Last week’s review discussed Steve Bannon’s comments on the US-China relationship, saying it was a matter of us-or-them, and the day after, he was gone. How much of his viewpoint persists in the US administation following his departure is unknown, but the stakes were being raised in another related area in recent days – Afghanistan and Pakistan.
China has been really lucky since 9/11 – it has not been pulled into the Islamic fundamentalism issue that the US has faced globally, and it has amazingly managed to largely maintain a separation between its own increasingly discontented Muslim population and developments beyond its borders. But it’s going to get tougher. Trump and his Sec. of State Rex this week both threatened Pakistan and told them to stop supporting the bad guys in Afghanistan, or else. The motivation for US troops being in Afghanistan all these years has been to protect the stability of Pakistan, a nuclear-capable power with all sorts of crazies of its own. The US involvement is related to its “global cop” role – there are no strategic issues there that directly impact on the US. If the US steps back, will China fill the vacuum? To get involved means to create enemies, and China is not like the United States. It is not on the other side of the world and free from the threat of a domestic Muslim insurgency.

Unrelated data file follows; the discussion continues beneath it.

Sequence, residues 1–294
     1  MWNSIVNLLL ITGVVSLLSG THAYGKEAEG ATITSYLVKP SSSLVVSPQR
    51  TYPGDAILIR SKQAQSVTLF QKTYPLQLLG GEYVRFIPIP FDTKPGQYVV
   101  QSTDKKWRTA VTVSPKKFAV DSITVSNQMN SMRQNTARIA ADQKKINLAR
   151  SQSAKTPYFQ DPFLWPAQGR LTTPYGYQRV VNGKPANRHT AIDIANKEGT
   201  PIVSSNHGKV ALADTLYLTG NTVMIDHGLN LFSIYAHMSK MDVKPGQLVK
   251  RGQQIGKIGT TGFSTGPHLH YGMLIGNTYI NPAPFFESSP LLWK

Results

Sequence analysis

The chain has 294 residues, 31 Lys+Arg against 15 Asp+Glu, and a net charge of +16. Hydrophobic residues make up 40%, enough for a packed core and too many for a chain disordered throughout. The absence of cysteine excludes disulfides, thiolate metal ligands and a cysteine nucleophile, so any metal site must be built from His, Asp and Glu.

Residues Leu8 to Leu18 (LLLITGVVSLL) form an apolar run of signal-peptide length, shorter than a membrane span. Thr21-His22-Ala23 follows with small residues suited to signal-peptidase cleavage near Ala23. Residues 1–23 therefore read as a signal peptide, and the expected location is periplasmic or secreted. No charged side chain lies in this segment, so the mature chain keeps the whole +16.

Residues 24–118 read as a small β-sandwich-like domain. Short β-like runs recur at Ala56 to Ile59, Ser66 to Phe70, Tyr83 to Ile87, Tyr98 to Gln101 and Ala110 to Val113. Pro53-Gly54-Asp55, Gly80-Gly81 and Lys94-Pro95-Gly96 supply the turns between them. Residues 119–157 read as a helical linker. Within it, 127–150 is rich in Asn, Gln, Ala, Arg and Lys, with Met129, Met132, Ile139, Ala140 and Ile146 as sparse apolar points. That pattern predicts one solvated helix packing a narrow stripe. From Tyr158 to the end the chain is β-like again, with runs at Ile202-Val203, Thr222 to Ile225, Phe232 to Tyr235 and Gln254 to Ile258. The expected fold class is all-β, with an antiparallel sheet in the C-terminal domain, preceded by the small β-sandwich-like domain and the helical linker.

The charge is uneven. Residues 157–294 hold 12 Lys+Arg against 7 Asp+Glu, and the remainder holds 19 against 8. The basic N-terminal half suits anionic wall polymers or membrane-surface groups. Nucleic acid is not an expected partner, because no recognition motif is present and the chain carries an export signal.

So would they do it? Would Beijing decide to replace the United States as the political and financial backer of Pakistan? Could they? With what consequences? If we were to have the opportunity to have a chat with Those in Command, we would suggest that them using their influence to get Pakistan to be more helpful to the US in terms of stabilizing Afghanistan could be a good idea. Balanced against that is the closed-circuit echo chamber effect of the belief that the US is in decline and China is the rightful dominant power in Asia, in its place. It probably is, of course, but there are the crucial issues of context and timing. There’s a thing about war – there are no certainties about how it plays out. But there is one certainty on involvement in Pakistan/Afghanistan, as the British and the Russians know just as well as the Americans, and that is messiness.
Enjoy the weekend, ladies and gentlemen.